Holograms replaced more commonly used avatars as Bell Canada, Verizon, Vodafone and Matsuko conducted what they called “the first live transatlantic collaborative meeting connecting multiple holographic people in Canada, the US and the UK using 5G and multi-access edge computing (MEC) technology.”
Interacting via holograms rather than avatars provides a more personal collaborative experience, according to the 5G Future Forum, whose members include America Movil, Bell Canada, KT Corp., Rogers and Telstra. This is seen as beneficial for applications such as remote healthcare, collaborative working and education.
Holograms of employees located in three different countries were connected across three different networks. Employees from Toronto connected using Bell’s 5G network; employees in New York used Verizon’s 5G network; and people in London used Vodafone’s 5G network.
MEC moves the necessary computing closer to the edge of the network to help ensure a more reliable and consistent hologram, the participants said. The technology minimizes delays that would otherwise result from multiple hops between different locations and across the internet.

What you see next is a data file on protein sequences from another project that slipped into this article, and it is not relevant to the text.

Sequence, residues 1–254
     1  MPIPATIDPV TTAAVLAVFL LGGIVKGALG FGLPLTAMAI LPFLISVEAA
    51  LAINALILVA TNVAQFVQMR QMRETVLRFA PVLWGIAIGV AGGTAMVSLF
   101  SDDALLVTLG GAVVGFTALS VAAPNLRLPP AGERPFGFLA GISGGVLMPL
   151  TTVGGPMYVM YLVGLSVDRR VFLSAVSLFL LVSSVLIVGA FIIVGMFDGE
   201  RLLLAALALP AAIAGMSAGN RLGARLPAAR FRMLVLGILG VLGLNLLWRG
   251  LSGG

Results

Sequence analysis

The holograms were created using Matsuko’s real-time software and a single camera. Holograms were then streamed via spatial computing, an immersive technology that combines virtual and augmented reality. Matsuko’s patented technology uses its presence app on a smartphone combined with an extended reality (XR) headset to stream holograms in near real time. This creates the feeling that people are in the same room.
Telecom companies have been working to develop holographic communications capabilities for several years.
“This demonstration shows how Verizon via the 5GFF continues to drive Open API industry momentum with real-life use cases while also accelerating ease of use for developers,” John Nitti, Verizon senior vice president of strategy, new business and partner development, said in a prepared statement about the Verizon holograms demo.
Cable companies also have been experimenting with holographic communications.